INOVA AIR E20   http://www.productreview.com.au/p/inovaair-airclean-e20.html )


“The school toilets with the automatic air fresheners are our biggest problem at school...- from story [1320]

 
Read more


Prevalence of fragrance sensitivity in the American population

Caress SM, Steinemann AC,  J Environ Health. 2009 Mar;71(7):46-50.

30.5% of the general population reported scented products on others irritating, 19% reported adverse health effects from air fresheners, and 10.9% reported irritation by scented laundry products vented outside. https://www.ncbi.nlm.nih.gov/pubmed/19326669


Could your perfume be giving you headaches? These women reveal their battles with everything from deodorant to scented candles

Polly Dunbar, Daily Mail, 12 March 2015  http://www.dailymail.co.uk/femail/article-2990737/Could-perfume-giving-headaches-women-reveal-battles-deodorant-scented-candles.html#ixzz4SlnN4sbk


 FAQs – perfume and chemical sensitivity

FAQ on perfume and chemical sensitivity 

Factsheet on fumes and perfumes

Factsheet on inhaled salicylates

How fragrance sensitivity can affect behaviour and other symptoms

Our 15 page collection of reader stories about fragrance sensitivity

Factsheet introduction to food intolerance



Excerpts from Letter to Jane (my gym instructor) by Sue Dengate

 
“Sorry to do this by email - it's just so rushed and crowded before class, I felt this may be easier ... my problem is that I am sensitive to fragranced smells in general, and in particular to the fragrance in a product you wear in class - not sure whether it is a perfume, fragranced deodorant or body spray,  something like that …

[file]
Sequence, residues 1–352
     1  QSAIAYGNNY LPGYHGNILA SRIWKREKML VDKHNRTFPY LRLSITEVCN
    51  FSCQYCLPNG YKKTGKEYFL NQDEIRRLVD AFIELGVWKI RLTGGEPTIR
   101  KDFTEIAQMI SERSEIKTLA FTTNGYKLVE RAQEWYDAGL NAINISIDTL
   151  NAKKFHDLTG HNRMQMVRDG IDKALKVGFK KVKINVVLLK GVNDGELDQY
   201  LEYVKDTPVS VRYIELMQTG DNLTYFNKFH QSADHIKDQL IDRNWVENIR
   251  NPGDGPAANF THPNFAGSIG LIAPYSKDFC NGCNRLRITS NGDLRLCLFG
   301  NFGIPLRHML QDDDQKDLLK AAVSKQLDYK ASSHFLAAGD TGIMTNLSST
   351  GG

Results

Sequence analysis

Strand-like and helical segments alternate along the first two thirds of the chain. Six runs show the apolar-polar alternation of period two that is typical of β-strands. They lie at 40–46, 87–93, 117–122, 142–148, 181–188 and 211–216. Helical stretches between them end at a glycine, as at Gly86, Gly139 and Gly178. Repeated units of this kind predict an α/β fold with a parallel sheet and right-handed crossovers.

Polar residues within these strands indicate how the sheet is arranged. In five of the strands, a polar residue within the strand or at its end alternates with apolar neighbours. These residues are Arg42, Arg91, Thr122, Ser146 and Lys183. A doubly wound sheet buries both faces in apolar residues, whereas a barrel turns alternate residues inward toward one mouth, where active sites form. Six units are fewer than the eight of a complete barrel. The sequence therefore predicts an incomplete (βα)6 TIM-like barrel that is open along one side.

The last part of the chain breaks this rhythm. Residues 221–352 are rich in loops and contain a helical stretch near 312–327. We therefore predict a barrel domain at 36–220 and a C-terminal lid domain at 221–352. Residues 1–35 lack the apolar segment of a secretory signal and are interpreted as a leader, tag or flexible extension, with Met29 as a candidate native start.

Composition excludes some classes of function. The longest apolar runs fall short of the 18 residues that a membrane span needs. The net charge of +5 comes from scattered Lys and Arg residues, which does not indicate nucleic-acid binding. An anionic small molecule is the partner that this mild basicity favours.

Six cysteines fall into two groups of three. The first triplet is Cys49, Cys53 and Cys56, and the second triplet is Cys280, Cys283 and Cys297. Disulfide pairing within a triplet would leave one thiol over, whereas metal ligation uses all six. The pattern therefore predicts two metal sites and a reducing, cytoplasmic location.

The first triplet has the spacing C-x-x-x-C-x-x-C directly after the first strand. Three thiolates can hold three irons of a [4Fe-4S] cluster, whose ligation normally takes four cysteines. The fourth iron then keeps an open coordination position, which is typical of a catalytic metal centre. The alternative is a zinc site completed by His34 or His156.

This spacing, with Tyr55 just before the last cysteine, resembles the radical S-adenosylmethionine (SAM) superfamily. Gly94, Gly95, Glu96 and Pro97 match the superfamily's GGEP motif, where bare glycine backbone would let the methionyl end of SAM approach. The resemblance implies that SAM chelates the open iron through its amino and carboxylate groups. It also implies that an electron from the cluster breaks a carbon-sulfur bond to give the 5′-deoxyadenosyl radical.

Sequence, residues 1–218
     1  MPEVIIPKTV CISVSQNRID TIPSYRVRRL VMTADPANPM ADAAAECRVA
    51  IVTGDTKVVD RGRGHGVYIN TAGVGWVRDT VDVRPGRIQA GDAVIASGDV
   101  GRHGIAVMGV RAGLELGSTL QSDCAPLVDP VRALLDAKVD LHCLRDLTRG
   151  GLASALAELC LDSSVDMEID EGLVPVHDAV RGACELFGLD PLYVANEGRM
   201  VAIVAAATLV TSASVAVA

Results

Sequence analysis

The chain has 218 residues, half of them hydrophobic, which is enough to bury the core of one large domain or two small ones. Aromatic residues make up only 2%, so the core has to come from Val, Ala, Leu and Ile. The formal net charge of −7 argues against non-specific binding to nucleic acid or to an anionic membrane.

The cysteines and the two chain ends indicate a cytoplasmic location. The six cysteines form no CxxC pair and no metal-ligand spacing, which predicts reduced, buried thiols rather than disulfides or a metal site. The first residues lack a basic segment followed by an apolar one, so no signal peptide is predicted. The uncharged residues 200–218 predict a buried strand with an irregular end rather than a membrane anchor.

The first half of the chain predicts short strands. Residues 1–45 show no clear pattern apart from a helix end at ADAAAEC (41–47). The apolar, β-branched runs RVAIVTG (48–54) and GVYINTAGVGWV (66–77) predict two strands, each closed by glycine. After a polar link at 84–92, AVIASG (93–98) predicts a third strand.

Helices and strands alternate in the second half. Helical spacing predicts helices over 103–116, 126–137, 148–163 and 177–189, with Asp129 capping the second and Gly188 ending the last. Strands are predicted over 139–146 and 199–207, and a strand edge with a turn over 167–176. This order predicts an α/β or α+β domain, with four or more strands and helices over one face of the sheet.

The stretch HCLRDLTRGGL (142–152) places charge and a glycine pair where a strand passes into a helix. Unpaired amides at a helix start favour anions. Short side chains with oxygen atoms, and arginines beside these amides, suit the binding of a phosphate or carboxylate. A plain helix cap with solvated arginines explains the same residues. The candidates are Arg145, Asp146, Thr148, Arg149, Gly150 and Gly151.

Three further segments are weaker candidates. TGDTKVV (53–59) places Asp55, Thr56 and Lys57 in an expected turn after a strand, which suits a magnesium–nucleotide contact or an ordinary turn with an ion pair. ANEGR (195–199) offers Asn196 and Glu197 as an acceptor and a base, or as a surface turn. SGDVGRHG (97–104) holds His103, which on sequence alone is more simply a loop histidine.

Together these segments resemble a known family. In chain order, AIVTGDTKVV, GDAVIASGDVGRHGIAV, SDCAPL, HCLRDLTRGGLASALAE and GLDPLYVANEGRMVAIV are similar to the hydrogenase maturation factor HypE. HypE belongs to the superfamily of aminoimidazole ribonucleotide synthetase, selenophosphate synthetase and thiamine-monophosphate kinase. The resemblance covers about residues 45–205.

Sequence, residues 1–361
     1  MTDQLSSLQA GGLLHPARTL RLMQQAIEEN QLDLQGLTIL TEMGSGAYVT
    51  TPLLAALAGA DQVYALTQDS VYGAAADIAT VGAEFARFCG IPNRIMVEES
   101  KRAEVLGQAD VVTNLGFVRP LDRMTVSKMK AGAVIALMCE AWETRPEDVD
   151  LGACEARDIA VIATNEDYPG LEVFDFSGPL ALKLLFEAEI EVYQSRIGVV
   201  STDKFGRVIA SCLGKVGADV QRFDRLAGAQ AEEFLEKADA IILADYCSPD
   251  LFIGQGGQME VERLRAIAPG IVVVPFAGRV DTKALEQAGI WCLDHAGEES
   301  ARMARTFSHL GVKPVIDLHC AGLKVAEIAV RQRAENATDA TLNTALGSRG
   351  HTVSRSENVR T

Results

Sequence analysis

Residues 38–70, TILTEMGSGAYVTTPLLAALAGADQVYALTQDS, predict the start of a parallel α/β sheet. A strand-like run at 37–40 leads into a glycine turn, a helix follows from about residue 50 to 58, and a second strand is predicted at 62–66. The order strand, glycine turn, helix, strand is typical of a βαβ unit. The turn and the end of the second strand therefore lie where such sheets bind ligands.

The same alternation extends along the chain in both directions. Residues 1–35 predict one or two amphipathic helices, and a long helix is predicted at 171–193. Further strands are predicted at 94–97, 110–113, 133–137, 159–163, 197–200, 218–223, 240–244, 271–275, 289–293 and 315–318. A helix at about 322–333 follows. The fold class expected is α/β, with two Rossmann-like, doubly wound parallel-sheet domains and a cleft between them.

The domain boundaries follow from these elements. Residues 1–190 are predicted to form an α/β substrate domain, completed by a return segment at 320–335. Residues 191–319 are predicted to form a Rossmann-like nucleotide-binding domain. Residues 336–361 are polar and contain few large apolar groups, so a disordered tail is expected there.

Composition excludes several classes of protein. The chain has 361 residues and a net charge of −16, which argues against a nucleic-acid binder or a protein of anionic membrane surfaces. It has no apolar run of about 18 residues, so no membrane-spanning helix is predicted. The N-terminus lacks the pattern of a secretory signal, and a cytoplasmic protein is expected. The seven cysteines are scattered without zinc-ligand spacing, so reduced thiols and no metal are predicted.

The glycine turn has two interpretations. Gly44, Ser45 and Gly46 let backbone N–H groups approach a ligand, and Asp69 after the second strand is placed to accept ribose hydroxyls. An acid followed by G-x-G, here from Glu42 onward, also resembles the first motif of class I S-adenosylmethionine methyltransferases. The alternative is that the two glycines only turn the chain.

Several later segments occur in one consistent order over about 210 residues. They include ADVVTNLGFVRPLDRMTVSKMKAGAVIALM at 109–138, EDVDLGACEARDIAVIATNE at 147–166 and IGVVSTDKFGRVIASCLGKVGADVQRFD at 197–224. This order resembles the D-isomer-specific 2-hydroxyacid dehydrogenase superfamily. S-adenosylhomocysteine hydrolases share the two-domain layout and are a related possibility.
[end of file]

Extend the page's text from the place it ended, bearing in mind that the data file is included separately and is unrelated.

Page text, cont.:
I was okay in our previous class - would you mind terribly going back to using whatever it was you wore there? I guess another other option would be to ask the gym for a big industrial fan in that room.  Sorry to be such a nuisance ...” (and I included Starving Student’s story, below)


Her reply

 
“You’re not a nuisance and I appreciate your honesty. I don’t want to make it an uncomfortable experience for you or anyone and I am more than happy not to use the fragrances I have been using. I didn't realise I wore so many different fragrances until I sat down and listed them …

 
I am more than happy not to wear any of the oils and other products, especially after reading Starving Student’s story.  I certainly don't want you to feel sick or not be able to attend class because of what I am wearing. Hopefully see you next week .  I will be oil/product free and please let me know if that is better for you. Thank you so much for your feedback.”

  
Starving Student’s story

 
“Do people without allergies realize how badly they affect people that have allergies? The answer would be NO! For instance, well, I’m allergic to perfumes ... So, when in class, I have to find just the right seat, where a girl isn’t overly perfumed, but then they take out their fragrancey lotion and I have a nice allergy attack in the middle of lecture.

 
I love it when somebody puts on hair spray, lotion, or perfume when on an airplane. Hello, NO ventilation!!

 
I try to stay allergy free. Why should I have to suffer for what you think is a “pleasure”? Honestly, years ago, just about everything was fragrance free ... All I'm saying is, have respect for the people around you.”-  - from "Allergies!" by Starving Student (the writer won a scholarship with her story)